Pachinko by Min Jin Lee ★★★★★
I heard a lot of great things about this book when it first came out two years ago, but I never got around to reading it until a friend recommended the book again to me recently. I had read Min Jin Lee’s other book, Free Food for Millionaires, which was quite good, but it was published in 2007, so I was curious to see how her writing had changed since then.
The story starts off with a family in Busan, Korea and the hardships they endure with the Japanese occupation during the war. The daughter of the family, Sunja, gets married and then moves to Osaka, Japan, hoping for a better life. When she gets there, she realizes it’s not as ideal as she dreamt, and she and her family deal with poverty, illness, discrimination, and racism.
This book was so good. It’s 489 pages and I finished it in two days because I was so immersed in it. Min Jin Lee does a wonderful job developing each character that they each had a distinct personality and you could understand why each character acted a certain way.
One of the characters really struggles with his identity as a Korean person living in Japan. He tries his best to assimilate into Japanese culture, starts hating his own Korean-ness, and even expresses a want to become Japanese at some point. He even experiences being tokenized. When reading about his thoughts and experiences, I couldn’t help but empathize as someone who once in the past wanted to be something other than Vietnamese and also hated my own culture. I feel like this struggle with identity is inevitable when you’re living in a place where the country makes it a point to always point out your differences.
This is definitely one of my favorite books, I would highly recommend it!
Ms Ice Sandwich by Mieko Kawakami ★★★☆☆
Ms Ice Sandwich is about a young boy and his obsession with a lady who sells sandwiches at the nearby grocery store. It’s written from his perspective, so it reads like the stream of consciousness of a young boy, with run-on sentences and sporadic thoughts.
I thought it was a sweet book, but I had a lot of trouble keeping my interest because I felt that while the writing was unique since it was from the perspective of a young boy, it was hard for me to follow along. It was a short, quick read, though!
If You Leave Me by Crystal Hana Kim ★★★☆☆
This debut novel from Hana Kim follows the story of a family during the Korean War. Each chapter is written from a different character’s perspective and you really get to know what each character is thinking as the events unravel.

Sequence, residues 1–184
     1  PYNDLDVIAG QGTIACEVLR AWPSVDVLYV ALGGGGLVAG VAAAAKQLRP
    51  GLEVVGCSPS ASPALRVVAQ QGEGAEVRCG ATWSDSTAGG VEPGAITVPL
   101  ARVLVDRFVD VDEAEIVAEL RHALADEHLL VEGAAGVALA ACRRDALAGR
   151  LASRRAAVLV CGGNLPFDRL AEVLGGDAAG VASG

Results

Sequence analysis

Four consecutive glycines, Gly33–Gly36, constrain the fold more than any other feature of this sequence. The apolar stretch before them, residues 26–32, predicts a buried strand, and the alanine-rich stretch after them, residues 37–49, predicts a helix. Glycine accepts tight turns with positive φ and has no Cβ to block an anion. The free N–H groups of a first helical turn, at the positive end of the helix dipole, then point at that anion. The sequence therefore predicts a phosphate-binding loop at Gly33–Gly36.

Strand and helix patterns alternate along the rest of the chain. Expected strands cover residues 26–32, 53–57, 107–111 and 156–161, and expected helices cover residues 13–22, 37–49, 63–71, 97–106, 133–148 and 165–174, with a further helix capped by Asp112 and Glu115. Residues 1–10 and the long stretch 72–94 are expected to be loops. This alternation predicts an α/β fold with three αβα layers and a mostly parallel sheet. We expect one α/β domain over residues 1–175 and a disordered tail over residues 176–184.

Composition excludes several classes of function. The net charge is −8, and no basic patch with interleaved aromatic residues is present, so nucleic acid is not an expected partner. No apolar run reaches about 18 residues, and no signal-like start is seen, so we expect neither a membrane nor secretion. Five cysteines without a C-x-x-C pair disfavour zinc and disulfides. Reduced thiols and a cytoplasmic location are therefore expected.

When I was first reading it, I was really interested in the story and rooting for the protagonist. Halfway through, I really found it hard to continue reading. The characters had all become unlikeable and it was hard for me to feel empathy for any of them. While I understand the characters’ point of view, especially with the time period they were in and the cultural restrictions, it was a really frustrating read. It was the kind of frustration where you want everyone to do better for themselves, but they just can’t, and so I felt helpless as a reader.
Come as You Are by Emily Nagoski ★★★☆☆
I read Nagoski’s book on Burnout last month and this month, and at the time I had put this book on hold too after hearing a lot of great things about it. I finally was able to check this book out in the month of August.
This time around, Nagoski writes about women’s sexuality and all the different factors that come into play.
Growing up in a traditional Asian household, I feel a lot of shame when it comes to anything sexual. And then, sometimes I feel like there’s something wrong with me.
As it turns out, the mainstream has always approached women’s sexuality as a lite version of men’s sexuality. They have men’s standards set the default, so it’s common for women to feel broken because those standards aren’t made for us.
Nagoski goes into detail about mental, cultural, and physical factors that affect women’s sexuality. There are also worksheet pages for the reader to help understand why they feel certain ways when it comes to their sexuality.